Russia's recent ruling could put LGBTQ people in danger, South Africa wants to enact penalties for homophobic attacks, and Nepal grants a marriage certificate to a gay couple.
Russia’s New Ruling May Put LGBTQ People in Danger
What Russia’s Supreme Court calls an “international LGBT public movement,” is now outlawed and labeled as extremist. This ruling is expected to lead to arrest and prosecutions of the LGBTQ community.
“Even though there is no such thing as an international LGBT movement, it is clear that all legal activities of LGBT organizations will be impossible in Russia,” Igor Kochetkov, head of the rights group Russian LGBT Network, told the Guardian.
Lucy Shtein, another Russian political activist, said, “Everyone who identifies themselves as part of the LGBTQ+ movement could now become a target.”
Human rights activists believe the vague wording of the ruling will allow authorities to prosecute any individual or organization they consider to be part of the movement.
South Africa To Enact Penalties For Anti-Gay Attacks
Photo by Samantha Marx from Johannesburg, South Africa, via Wikimedia Commons.
The South African government has moved closer to ensuring that displays of homophobia be subject to hefty penalties that may include a lengthy prison sentence.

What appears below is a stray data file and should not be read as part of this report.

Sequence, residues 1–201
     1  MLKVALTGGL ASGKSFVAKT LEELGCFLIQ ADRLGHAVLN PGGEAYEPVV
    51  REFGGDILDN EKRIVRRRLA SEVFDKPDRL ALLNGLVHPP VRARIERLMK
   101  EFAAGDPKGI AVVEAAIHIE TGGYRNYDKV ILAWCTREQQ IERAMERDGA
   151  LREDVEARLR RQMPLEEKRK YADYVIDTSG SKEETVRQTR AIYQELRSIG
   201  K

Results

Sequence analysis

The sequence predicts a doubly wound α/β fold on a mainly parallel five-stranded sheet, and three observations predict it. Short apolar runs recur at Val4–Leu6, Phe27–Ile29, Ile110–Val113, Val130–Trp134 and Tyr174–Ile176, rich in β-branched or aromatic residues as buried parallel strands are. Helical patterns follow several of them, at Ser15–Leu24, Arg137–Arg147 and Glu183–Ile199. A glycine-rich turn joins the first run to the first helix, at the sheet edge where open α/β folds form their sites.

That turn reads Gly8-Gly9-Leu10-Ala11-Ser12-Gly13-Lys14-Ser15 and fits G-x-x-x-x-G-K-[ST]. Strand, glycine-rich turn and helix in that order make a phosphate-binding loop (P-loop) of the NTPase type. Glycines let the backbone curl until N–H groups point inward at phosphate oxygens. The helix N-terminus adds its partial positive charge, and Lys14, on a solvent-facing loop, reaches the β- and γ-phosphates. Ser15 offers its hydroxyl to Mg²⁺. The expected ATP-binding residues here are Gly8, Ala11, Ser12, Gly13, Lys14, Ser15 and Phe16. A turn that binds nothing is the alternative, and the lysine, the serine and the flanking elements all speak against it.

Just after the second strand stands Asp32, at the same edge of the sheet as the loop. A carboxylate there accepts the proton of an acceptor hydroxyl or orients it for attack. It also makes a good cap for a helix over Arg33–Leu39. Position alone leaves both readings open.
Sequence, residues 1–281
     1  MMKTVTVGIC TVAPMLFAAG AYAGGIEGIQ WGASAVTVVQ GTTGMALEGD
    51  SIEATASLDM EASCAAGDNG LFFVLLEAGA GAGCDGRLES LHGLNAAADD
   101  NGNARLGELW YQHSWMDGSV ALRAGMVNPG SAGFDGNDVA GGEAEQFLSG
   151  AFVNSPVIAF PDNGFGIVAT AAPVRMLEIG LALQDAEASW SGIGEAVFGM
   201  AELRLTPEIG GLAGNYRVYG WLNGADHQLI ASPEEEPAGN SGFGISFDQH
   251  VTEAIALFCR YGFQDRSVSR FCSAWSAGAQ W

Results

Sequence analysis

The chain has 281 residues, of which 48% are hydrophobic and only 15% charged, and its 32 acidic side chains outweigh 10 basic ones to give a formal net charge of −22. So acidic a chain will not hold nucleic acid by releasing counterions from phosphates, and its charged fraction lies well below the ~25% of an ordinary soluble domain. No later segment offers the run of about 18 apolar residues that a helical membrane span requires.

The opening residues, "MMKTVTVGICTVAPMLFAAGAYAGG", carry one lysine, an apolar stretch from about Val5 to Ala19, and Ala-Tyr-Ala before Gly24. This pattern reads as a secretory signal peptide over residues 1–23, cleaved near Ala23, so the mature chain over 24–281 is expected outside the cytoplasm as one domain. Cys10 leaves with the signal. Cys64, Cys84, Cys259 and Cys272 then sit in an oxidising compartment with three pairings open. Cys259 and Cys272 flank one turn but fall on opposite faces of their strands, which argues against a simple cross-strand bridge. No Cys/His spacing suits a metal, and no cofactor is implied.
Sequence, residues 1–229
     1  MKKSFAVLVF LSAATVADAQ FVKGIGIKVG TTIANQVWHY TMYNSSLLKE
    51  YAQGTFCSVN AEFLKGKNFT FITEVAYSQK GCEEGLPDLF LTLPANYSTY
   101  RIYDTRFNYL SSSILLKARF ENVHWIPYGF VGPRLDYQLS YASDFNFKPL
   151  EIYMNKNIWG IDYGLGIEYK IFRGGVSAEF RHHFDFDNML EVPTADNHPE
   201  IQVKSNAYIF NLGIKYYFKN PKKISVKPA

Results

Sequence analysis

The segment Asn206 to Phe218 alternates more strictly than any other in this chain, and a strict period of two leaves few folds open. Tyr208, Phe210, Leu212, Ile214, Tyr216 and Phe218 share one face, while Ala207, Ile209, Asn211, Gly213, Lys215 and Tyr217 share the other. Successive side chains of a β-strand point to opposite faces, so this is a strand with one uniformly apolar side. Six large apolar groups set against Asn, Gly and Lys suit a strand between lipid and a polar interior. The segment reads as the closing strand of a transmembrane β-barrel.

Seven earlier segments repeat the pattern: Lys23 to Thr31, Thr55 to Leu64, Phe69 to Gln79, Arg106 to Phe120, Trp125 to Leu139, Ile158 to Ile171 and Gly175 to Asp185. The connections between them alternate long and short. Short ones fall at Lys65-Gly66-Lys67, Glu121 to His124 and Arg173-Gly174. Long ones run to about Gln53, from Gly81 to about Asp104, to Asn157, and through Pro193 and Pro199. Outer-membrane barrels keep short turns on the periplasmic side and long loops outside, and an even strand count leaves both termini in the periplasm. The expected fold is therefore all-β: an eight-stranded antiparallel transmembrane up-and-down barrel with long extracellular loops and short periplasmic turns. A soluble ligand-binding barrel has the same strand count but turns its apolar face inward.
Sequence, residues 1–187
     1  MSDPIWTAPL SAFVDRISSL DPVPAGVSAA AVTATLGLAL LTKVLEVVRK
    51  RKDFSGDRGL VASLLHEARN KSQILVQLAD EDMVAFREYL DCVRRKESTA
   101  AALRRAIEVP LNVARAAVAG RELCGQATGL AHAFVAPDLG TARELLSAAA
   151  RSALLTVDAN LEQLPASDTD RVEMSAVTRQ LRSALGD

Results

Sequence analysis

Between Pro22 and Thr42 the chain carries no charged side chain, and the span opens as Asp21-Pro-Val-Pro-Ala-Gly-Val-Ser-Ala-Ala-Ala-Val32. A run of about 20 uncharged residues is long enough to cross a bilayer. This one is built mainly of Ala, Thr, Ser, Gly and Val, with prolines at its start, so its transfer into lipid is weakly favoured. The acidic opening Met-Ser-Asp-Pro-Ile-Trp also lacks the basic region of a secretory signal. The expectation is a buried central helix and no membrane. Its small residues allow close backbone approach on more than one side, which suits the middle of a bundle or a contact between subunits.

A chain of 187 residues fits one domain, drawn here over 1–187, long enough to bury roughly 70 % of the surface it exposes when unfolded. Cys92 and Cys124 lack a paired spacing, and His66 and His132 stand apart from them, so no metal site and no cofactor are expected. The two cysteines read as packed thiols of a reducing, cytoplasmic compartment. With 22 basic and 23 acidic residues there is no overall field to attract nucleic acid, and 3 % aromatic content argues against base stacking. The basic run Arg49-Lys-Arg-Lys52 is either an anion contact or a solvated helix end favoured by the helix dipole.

The bill was first introduced in Parliament in 2018. It was approved by MPs in March, and was then sent to the National Council of Provinces, which approved it in November.
According to the Los Angeles Blade, Section 4 of the bill defines hate speech “as the intentional publishing or communicating of anything that can incite harm or promote hate based on grounds, including, among others, age, sexual orientation and race.”
The bill provides for “penalties such as fines, imprisonment, or both for those who are convicted of the offenses.”
Nepal Grants Marriage Certificate to Gay Couple
Maya and Surendra. Photo via U.S. Ambassador Dean R. Thompson, X.
A gay couple in Nepal is now the first couple in the nation to receive official same-sex marriage status.
While the couple got married six years ago, they never had a certificate to indicate that their marriage was legal.
“After 23 years of struggle we got this historic achievement, and finally Maya and Surendra got their marriage registered at the local administration office,” Sunil Babu Pant, an openly gay former parliamentarian and leading LGBTQ+ rights activist, told AP.
According to AP, officials initially refused to register the marriage. The couple then filed cases with the Kathmandu District Court and High Court, but their pleas were rejected.
Things took a turn when the Home Ministry made changes in the process that enabled all local administration offices to register same-sex marriages.
“It was quite unexpected, and it was a positive breeze for us,” Pant told AP.
Since 2007, Nepal has undergone a transformation that favors LGBTQ people. Now, people who do not identify as female or male are able to choose a “third gender” on passports and government documents. Also, the constitution, adopted in 2015, now explicitly states that there can be no discrimination on the basis of sexual orientation.